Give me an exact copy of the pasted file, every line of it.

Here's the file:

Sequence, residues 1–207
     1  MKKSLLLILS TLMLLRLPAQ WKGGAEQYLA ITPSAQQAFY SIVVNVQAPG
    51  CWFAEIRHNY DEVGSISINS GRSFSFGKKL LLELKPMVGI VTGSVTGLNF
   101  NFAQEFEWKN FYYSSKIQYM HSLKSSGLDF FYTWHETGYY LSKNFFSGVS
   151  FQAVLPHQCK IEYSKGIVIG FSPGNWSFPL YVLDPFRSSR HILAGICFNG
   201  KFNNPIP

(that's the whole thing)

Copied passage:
Sequence, residues 1–207
     1  MKKSLLLILS TLMLLRLPAQ WKGGAEQYLA ITPSAQQAFY SIVVNVQAPG
    51  CWFAEIRHNY DEVGSISINS GRSFSFGKKL LLELKPMVGI VTGSVTGLNF
   101  NFAQEFEWKN FYYSSKIQYM HSLKSSGLDF FYTWHETGYY LSKNFFSGVS
   151  FQAVLPHQCK IEYSKGIVIG FSPGNWSFPL YVLDPFRSSR HILAGICFNG
   201  KFNNPIP